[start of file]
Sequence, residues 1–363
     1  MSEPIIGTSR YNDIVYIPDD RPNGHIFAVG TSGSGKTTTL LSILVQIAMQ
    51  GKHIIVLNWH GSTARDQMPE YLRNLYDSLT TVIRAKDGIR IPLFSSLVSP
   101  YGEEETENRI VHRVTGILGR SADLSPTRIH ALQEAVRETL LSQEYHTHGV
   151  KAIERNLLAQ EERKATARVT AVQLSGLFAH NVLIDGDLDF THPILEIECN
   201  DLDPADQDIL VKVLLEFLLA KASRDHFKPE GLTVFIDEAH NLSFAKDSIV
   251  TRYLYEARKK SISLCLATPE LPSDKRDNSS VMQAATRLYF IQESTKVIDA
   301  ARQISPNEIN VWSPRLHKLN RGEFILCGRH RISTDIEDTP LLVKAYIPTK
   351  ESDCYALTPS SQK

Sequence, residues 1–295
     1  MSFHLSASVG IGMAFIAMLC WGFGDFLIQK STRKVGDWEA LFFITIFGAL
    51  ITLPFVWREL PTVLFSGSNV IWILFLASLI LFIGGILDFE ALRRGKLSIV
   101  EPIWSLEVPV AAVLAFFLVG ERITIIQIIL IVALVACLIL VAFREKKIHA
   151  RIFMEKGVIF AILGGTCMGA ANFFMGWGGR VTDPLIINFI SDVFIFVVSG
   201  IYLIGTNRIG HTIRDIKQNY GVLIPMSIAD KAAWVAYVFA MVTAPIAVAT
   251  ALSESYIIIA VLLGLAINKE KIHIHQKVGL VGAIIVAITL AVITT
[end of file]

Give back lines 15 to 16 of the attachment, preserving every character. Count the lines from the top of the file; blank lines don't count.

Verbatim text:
   201  IYLIGTNRIG HTIRDIKQNY GVLIPMSIAD KAAWVAYVFA MVTAPIAVAT
   251  ALSESYIIIA VLLGLAINKE KIHIHQKVGL VGAIIVAITL AVITT